In a volatile 2015, investors lost confidence in active fund managers, shifting into cheaper index-based investments and exchange traded funds that promise to reflect market moves.
According to Morningstar data, investors pulled $207.3 billion from actively managed mutual funds and moved $413.8 billion into passively managed funds, reports Sarah Krouse for the Wall Street Journal.
The shift reflects the broad ongoing change in the fund industry as investors grow weary of active manager’s underperformance and high fees, instead opting for cheap investment products that can passively track major benchmarks.
While active funds outperformed passive rivals in international stock selection and hedge fund strategies, active managers underperformed broad stock and bond markets. The average actively managed stock fund was down 2.9% in 2015, compared to the S&P 500’s 0.7% dip. Meanwhile, the average actively managed taxable bond fund dropped 1.8% while the Barclays U.S. Aggregate Bond Index gained 0.55%.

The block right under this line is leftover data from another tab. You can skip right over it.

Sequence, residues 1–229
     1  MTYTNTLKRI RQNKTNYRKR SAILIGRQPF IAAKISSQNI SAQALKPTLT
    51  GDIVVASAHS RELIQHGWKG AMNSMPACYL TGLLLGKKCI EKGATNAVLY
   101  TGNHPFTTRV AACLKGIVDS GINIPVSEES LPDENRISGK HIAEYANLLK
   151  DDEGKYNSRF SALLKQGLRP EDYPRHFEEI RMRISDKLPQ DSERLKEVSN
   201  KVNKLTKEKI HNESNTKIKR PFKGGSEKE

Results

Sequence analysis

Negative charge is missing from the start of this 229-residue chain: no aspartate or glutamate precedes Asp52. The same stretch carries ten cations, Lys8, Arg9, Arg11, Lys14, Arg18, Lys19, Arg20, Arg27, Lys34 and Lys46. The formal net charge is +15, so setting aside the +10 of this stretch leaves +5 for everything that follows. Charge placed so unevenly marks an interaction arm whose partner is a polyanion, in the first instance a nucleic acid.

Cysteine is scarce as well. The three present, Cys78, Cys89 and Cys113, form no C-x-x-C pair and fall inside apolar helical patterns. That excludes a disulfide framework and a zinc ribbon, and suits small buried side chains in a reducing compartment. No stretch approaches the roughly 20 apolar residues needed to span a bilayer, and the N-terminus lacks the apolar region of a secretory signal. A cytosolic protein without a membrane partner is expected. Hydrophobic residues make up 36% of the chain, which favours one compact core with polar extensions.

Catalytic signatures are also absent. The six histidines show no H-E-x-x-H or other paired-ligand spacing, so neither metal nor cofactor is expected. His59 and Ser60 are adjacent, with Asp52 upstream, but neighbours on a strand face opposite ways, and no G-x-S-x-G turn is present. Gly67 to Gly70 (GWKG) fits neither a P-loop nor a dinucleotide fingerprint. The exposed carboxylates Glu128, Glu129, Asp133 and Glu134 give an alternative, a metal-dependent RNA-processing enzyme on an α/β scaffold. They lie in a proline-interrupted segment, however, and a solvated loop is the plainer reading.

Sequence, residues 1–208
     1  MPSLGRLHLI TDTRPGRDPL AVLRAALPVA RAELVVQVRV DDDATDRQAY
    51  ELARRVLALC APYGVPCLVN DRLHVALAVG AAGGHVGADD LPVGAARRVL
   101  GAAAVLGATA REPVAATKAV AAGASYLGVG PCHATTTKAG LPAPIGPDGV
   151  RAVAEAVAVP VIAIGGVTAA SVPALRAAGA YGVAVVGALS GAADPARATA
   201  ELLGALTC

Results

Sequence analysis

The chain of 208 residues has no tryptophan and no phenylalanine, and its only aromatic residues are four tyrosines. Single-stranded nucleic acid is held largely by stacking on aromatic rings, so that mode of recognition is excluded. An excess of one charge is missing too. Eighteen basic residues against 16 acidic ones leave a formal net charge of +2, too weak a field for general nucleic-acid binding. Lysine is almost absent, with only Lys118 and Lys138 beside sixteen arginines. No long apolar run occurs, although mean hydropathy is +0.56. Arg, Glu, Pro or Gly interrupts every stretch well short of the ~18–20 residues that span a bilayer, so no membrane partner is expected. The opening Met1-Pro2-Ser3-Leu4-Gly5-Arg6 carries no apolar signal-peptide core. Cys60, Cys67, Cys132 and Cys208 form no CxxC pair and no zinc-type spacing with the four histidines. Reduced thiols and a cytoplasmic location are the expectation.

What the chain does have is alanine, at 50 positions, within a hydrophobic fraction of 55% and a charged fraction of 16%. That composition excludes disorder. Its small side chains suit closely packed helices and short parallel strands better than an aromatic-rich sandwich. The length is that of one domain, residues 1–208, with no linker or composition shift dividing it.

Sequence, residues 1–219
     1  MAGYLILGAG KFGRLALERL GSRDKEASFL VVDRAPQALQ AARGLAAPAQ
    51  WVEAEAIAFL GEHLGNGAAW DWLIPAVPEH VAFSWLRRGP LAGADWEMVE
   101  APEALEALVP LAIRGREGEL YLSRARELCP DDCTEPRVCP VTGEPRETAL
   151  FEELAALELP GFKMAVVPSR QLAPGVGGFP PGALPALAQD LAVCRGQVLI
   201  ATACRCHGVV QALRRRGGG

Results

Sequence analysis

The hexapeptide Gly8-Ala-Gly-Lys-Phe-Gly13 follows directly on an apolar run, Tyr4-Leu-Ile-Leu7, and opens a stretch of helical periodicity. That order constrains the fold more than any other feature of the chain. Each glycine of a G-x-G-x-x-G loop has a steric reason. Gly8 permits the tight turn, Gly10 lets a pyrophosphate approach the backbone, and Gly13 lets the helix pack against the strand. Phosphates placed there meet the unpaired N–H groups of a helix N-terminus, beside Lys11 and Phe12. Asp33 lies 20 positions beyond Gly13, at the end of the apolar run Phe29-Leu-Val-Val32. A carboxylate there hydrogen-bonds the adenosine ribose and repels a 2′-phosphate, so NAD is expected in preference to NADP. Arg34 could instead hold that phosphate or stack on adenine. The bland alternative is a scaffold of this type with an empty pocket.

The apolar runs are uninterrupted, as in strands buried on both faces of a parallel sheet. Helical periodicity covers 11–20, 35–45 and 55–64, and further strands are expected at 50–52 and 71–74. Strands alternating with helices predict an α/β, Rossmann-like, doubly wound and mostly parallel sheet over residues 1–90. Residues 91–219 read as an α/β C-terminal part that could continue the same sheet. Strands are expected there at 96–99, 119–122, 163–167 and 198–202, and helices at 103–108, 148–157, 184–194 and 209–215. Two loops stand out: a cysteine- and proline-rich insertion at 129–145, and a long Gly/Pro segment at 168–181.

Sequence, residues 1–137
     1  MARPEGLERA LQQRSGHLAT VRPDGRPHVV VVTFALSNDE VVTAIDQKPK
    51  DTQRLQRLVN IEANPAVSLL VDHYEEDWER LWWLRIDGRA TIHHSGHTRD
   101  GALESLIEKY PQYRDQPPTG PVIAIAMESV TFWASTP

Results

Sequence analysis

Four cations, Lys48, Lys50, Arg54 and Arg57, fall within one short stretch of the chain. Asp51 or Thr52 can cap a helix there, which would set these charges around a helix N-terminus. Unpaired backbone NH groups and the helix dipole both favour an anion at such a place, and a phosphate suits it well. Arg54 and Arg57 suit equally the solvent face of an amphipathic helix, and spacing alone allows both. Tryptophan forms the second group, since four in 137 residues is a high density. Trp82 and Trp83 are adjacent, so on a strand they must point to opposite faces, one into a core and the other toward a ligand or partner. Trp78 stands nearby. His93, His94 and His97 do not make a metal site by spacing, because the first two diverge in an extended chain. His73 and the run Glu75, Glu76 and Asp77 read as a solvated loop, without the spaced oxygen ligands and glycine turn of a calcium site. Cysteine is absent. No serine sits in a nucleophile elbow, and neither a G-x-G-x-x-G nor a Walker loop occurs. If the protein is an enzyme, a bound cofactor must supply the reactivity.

Additionally, some investors may have balked at the higher fees on top of the underperformance in active funds. According to the Investment Company Institute, active equity funds had an average 0.70% expense ratio in 2014 and active bond funds came with an average 0.57% expense ratio. In contrast, U.S.-listed equity ETFs have an average 0.58% expense ratio and U.S.-listed fixed-income ETFs show an average 0.40% expense ratio, according to XTF data.